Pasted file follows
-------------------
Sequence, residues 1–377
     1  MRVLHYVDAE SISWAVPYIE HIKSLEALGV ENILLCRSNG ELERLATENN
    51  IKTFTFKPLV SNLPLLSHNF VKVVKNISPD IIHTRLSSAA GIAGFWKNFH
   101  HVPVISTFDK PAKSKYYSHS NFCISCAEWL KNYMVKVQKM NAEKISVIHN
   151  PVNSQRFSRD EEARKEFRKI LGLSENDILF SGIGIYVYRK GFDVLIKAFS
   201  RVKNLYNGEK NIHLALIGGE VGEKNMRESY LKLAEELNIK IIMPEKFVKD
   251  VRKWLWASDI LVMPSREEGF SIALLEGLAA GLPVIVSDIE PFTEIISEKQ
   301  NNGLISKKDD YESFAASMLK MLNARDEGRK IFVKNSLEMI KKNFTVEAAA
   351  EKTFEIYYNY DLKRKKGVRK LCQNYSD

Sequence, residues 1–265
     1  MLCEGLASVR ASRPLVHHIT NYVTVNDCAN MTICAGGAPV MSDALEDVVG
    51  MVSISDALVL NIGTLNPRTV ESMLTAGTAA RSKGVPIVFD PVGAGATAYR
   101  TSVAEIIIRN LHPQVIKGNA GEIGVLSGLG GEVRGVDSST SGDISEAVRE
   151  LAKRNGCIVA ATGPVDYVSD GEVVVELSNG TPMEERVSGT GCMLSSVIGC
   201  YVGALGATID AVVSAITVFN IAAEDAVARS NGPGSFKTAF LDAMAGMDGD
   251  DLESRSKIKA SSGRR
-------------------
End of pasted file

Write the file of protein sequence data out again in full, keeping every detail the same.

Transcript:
Sequence, residues 1–377
     1  MRVLHYVDAE SISWAVPYIE HIKSLEALGV ENILLCRSNG ELERLATENN
    51  IKTFTFKPLV SNLPLLSHNF VKVVKNISPD IIHTRLSSAA GIAGFWKNFH
   101  HVPVISTFDK PAKSKYYSHS NFCISCAEWL KNYMVKVQKM NAEKISVIHN
   151  PVNSQRFSRD EEARKEFRKI LGLSENDILF SGIGIYVYRK GFDVLIKAFS
   201  RVKNLYNGEK NIHLALIGGE VGEKNMRESY LKLAEELNIK IIMPEKFVKD
   251  VRKWLWASDI LVMPSREEGF SIALLEGLAA GLPVIVSDIE PFTEIISEKQ
   301  NNGLISKKDD YESFAASMLK MLNARDEGRK IFVKNSLEMI KKNFTVEAAA
   351  EKTFEIYYNY DLKRKKGVRK LCQNYSD

Sequence, residues 1–265
     1  MLCEGLASVR ASRPLVHHIT NYVTVNDCAN MTICAGGAPV MSDALEDVVG
    51  MVSISDALVL NIGTLNPRTV ESMLTAGTAA RSKGVPIVFD PVGAGATAYR
   101  TSVAEIIIRN LHPQVIKGNA GEIGVLSGLG GEVRGVDSST SGDISEAVRE
   151  LAKRNGCIVA ATGPVDYVSD GEVVVELSNG TPMEERVSGT GCMLSSVIGC
   201  YVGALGATID AVVSAITVFN IAAEDAVARS NGPGSFKTAF LDAMAGMDGD
   251  DLESRSKIKA SSGRR